WickedEye's Quotient

11/22/2009 at 22:56


Miguel de Cervantes Saavedra didn't invent the Hero, nor yet the Quest. Even the somewhat-bumbling sidekick came on the scene long before Don Quixote's squire Sancho Panza came stumbling across it.

But Cervantes gave to the Quest something new. The idea that a goal which meant nothing to anyone else—which the rest of the world mocked and scorned, and would always mock—could be immensely valuable and ennobling. That dreams did not have to be approved by others to make a man's life worth living. To make a man a hero.

Pixar and Cervantes aren't (to me, at any rate) the most obvious of bedfellows. And animated film is a medium which has been around for so few years, comparatively speaking. So it was odd to me that Pixar could pick up Quixote's (much-abused) banner so skillfully. Could illuminate the Quest in ways that even the Don himself could not.

UP is visually stunning—one expects nothing less of Pixar. Ed Asner's voice emerges out of a square, set face that somehow manages to capture the essence of the word 'curmudgeon' without once seeming bad-tempered or ill-natured. Russell the Wilderness Explorer is inept and bumbling and inoffensive while simultaneously giving the impression of unfaltering determination and courage. Kevin the (giant, chocolate-loving, exotic) bird is an unbelievable mixture of toucan, velociraptor, and shrill, feathery rainbow.

And it will be a very, very long time before I see something that makes me as breathless with delight and wonder as the sight of Mr. Carl Fredrickson's modest Victorian sailing joyously through the sky under thousands and thousands of translucent, jewel-colored balloons.

Carl's blunt, square face and blunt, square glasses also somehow evince a hint of pixielike mischief that he very clearly got from his indomitable wife, Ellie. The story of their long and loving marriage—one full of joy and excitement and unfailing hopes despite its griefs—is told in a spare and silent montage that ranks high as one of the most quietly effective love stories ever shown on a screen.

Ellie meets Carl when they are children—the time at which they conceive their dream of living a life of Adventure. She tells him all about Paradise Falls in South America, the object of their childhood Hero's latest Quest. Then she makes him “cross his heart” to fly them there in his plane when he grows up.

And she dies without their life-long dream coming true.

Condemned (literally) as a menace to society, and thus to “Shady Oaks Retirement Community”, Mr. Fredrickson plucks up his determination, and his house—and, unwittingly, Russell—to set out on a Quest which means nothing to anyone else: to take himself, his and Ellie's house, and memories that literally span a lifetime to Paradise Falls.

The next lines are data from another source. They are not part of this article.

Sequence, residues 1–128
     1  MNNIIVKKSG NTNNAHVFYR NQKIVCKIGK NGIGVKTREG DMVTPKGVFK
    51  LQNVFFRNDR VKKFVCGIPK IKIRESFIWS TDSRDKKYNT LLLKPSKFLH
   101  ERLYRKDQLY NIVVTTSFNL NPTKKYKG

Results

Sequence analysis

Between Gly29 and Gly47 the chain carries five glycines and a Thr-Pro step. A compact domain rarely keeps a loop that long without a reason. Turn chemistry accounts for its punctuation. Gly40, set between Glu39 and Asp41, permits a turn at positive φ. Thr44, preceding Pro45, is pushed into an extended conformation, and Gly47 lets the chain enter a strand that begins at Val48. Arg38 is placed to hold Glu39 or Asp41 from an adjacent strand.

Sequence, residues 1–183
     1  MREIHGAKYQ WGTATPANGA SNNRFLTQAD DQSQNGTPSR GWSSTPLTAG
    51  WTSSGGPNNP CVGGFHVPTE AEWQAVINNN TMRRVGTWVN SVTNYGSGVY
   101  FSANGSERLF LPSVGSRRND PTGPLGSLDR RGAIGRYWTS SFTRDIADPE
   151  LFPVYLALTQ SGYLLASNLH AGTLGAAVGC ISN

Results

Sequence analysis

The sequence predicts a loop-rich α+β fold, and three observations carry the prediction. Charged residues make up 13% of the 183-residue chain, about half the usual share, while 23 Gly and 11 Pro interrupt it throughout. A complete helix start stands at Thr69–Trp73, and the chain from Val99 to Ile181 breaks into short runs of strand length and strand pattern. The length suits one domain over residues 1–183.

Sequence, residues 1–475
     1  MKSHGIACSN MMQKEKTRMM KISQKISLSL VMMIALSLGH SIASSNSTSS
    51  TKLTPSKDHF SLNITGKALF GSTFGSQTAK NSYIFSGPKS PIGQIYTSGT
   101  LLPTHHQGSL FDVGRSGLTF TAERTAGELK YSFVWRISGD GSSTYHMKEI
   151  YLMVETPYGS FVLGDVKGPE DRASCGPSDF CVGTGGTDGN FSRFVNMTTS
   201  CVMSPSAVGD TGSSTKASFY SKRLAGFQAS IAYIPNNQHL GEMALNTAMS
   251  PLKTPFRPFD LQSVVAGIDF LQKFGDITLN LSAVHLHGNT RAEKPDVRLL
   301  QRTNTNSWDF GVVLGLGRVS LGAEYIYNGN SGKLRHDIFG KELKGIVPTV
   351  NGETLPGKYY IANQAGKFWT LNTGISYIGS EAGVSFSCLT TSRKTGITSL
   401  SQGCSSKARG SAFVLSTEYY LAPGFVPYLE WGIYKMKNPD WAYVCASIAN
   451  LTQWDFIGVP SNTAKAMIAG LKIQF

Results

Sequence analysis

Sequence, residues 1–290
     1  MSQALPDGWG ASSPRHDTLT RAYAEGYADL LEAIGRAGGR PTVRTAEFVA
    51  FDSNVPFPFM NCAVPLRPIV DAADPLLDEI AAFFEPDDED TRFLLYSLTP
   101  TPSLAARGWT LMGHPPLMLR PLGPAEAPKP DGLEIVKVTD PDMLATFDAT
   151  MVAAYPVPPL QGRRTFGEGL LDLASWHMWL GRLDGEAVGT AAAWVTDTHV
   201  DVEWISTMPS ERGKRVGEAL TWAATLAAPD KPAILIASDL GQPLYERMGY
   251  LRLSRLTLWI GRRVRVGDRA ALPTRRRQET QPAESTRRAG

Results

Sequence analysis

Once there, Carl does eventually become a hero; he saves Russell's adopted bird Kevin from capture by his megalomaniacal childhood hero, Mr. Muntz. But the sweetness, the heart, of the story is the fact that in seeking to remain faithful to his wife's endless delight in and quest for adventure, Carl Fredrickson almost misses the fact that he already has. Carl finds Ellie's loving encouragement towards “his own adventures” just in time to stop him from failing their lifelong dream... because until he sees her message, he doesn't truly understand what that dream was. And it is because of Ellie's urging him towards his own adventures as well as because of his own caring for Russell that Carl Fredrickson finally chases and rescues his own Sancho Panza.

Carl Fredrickson and Russell abandon their first Quest. And yet they are heroes: it is because of that abandonment that they can save Kevin. And they save each other by it as well—at Paradise Falls, and then again once they come home.

Theirs is an adventure bigger than even Ellie could have hoped for. It begins as a Quest, a search for the near-impossible across distances and barriers that are almost insurmountable. And true to the legacy of Don Quixote, Carl Fredrickson's Quest is a gesture of faith and hope in a dream that means nothing to anyone but him.

But Mr. Fredrickson is different from—better than—the traditional Hero, and in the end, even better than Don Quixote. Because Carl is truer to his hopes than the Don, who relinquished his Quest only to die brokenhearted at its loss. Who never understood that a single quest could not contain all of one's dreams and hopes.

Mr. Fredrickson, on the brink of achieving his Quest and proving true to the vow he swore to his lady fair, realizes that some Quests must be laid aside if one is to remain true to their object—and to preserve those dreams which make it worthwhile.

That Ellie was, and he and Russell are, adventurers not because their adventure has an end that must be achieved, but because they venture.

That the company of one's fellow adventurers, and the joy of the dare, are the best and truest prizes of any Quest.

That Quests change and end, but love and dreams and hope endure.

That these things are the stuff of which adventures—and adventurers—are made.


Life is either a daring adventure or nothing.
-Helen Keller

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